Ask Ping!Thursday, October 9, 2008 | 4:07 PM
ODI dates back to the 1980’s as the leader in grip manufacturing. Focusing primarily on the bmx and mountain bike industries through the 90’s and early 2000’s, ODI re-entered the motocross scene when they developed the patented lock-on grip system that eliminates wire and glue. Continuing to advance the way riders hold on to their bikes, ODI has worked closely with the teams they support such as Troy Lee Designs to create the product that is now being used by some of the top teams in the industry.Tweet
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How do retired motocrossers just one day strap their seat belts on and go onto be successful auto racers? We’ve seen it with Jeff Ward who nearly won Indy and now Carmichael. Is auto racing that easy where someone with no experience can be competitive in a couple years or are motocrossers just all around gifted. I don’t think Jeff Gordon could retire from auto racing and become a successful motocrosser, even if age wasn’t a factor.
I think your question proves that motocross really is one of the most difficult and demanding sports there is. You’re right: Car racers, or any other type of athlete, would have some serious problems trying to make the podium in the expert class at Loretta Lynn’s, let alone at a supercross or motocross national. Car racers must have incredible hand-eye coordination, sharp mental focus and a southern drawl so heavy it makes Colonel Sanders sound like a Minnesota schoolteacher. Motocross racers must have hand-eye coordination, balance, sharp mental focus, muscular strength, muscular endurance, cardiovascular endurance, flexibility, the ability to push through pain and testicles the size of cantaloupe melons. So, I guess when you have been to the absolute top level of our sport it makes it easier to transition into another sport like car racing. Remember though that Wardy and RC are two of the most talented riders and incredible athletes that our sport has ever had. Just because a guy can ride well doesn’t mean he can jump into a car and win races. I had to add those last two sentences because they are indeed true and also because I’m afraid Andy Bowyer is going to punch me in the mouth.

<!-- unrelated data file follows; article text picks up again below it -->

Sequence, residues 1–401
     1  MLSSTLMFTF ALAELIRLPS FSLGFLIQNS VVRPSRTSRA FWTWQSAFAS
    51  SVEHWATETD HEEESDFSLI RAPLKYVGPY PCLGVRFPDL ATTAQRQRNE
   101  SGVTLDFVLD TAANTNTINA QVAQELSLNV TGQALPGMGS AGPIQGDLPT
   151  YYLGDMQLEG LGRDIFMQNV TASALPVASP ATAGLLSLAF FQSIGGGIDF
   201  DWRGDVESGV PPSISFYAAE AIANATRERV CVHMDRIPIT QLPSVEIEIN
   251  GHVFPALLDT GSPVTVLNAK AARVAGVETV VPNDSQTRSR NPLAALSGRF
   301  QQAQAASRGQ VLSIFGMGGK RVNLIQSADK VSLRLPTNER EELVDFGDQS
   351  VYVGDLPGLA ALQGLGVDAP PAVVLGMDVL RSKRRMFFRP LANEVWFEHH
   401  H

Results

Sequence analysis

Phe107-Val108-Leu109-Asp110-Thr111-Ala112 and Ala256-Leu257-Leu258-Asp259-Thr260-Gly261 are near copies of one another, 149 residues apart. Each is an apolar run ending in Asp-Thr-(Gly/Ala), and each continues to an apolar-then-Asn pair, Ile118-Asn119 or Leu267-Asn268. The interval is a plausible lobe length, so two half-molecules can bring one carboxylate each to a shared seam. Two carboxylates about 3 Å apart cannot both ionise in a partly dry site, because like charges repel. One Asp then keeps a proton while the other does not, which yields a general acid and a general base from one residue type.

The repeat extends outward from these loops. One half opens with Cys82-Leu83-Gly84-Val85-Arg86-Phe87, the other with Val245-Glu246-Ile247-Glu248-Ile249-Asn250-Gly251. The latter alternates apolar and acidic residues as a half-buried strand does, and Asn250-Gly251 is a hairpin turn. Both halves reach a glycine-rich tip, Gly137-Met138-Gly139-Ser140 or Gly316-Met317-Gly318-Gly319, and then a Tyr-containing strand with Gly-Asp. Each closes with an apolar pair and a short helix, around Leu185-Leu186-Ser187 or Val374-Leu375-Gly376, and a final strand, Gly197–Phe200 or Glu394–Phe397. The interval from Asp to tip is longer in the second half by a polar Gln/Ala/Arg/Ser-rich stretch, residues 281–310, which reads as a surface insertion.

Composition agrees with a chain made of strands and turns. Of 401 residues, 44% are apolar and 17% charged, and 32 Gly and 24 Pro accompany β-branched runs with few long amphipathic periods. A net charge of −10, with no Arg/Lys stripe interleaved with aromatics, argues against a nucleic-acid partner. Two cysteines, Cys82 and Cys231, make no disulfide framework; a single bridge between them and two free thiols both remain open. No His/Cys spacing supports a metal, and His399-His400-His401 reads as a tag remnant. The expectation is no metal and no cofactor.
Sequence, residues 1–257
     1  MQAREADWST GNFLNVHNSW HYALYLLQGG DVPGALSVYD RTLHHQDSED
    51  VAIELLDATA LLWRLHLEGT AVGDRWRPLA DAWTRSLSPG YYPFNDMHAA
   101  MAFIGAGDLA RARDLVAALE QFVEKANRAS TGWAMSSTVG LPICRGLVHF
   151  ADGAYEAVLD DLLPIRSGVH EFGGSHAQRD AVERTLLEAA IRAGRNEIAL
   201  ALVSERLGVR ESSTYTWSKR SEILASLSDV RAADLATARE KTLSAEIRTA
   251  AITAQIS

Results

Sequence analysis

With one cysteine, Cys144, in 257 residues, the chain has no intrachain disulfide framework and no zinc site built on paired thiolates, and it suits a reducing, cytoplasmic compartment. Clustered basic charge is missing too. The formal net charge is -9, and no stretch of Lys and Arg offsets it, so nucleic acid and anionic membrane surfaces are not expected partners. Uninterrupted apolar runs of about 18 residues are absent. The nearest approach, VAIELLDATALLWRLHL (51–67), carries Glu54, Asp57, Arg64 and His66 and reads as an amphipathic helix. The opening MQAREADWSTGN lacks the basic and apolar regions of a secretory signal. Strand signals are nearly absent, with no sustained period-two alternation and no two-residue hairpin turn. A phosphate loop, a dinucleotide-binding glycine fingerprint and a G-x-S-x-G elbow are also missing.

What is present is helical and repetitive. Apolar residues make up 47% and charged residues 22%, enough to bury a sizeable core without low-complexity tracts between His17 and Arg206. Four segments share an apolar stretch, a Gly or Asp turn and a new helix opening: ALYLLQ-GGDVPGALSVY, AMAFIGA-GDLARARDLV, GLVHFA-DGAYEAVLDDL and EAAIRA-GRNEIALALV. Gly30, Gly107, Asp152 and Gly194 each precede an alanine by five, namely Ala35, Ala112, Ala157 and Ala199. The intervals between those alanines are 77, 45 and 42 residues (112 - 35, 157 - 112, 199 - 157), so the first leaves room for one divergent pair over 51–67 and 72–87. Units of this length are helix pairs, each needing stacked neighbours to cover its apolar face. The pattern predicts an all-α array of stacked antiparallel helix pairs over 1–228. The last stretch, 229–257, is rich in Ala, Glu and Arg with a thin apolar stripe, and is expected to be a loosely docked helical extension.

Just the other day I went to school with my No Fear jersey on. All the football jocks were saying that motocross is a pansy sport and that anyone could do it. So then I was calling football a gay sport. They all got mad. I have two bikes: a RM250 and a CR250F. I challenged a guy on the football team to a race at the local track, which happens to be Millville, and he said “No thanks” because he has never ridden a bike. Do you think that I should keep talkin’ trash to him until he finally leaves me alone about racing or until he finally rides??
I need a little more information before I can answer this question properly. For instance, how big are you and how well do you fight? If you are calling an entire football team gay then I imagine you are either a massive dude or you are the Ju Jitsu state champion and you know exactly how much pressure it takes to fracture a man’s arm and the easiest way to go about doing it. Either way… kudos to you. If you can crush a man’s windpipe with two fingers then I would suggest you continue taunting those kooks. If not, you might want to let it go. I’d hate to se you get pummeled over it, and the truth is your high school quarterback is probably a tool anyway. Most of the guys that are “super cool” in high school end up cigarette-smoking alcoholics working shifts at their local Lube-O-Rama after a few years in the real world. If you do get any of them out to the track please be sure to take pictures. I would love to see one of them on a gurney being tended to by a medic.
I read recently about NFL player LaRoi Glover receiving his college degree. He never finished college and had been out of school for many years. I was impressed as he's rich as a bitch already and really didn't need it. My question is how many famous former racers have done the same? For that matter, how many have even finished high school? Well I guess the world needs ditch diggers as well as scholars. I wonder how Jason Lawrence will end up in 15 years? Well off I hope.
San Diego, CA.
Dirt bikers aren’t very big on learning. Getting good grades takes a back seat to getting good results and for most of the current top pros a high school diploma just wasn’t in the cards. Of course there are exceptions, like Andrew Short, but he is not the norm. The guys that win a bunch of championships or have long, successful careers might make enough money to invest it and live modestly off their earnings but that is such a small number of guys. So, how many top pros have gone back to school after racing? Um, none that I know of. I’ve heard of a few that went to a trade school or something like that and one or two that went back and got their GED, but even that is pretty rare. So, here’s to making a ton of money while you can. Or, you know, digging ditches if that doesn’t work out.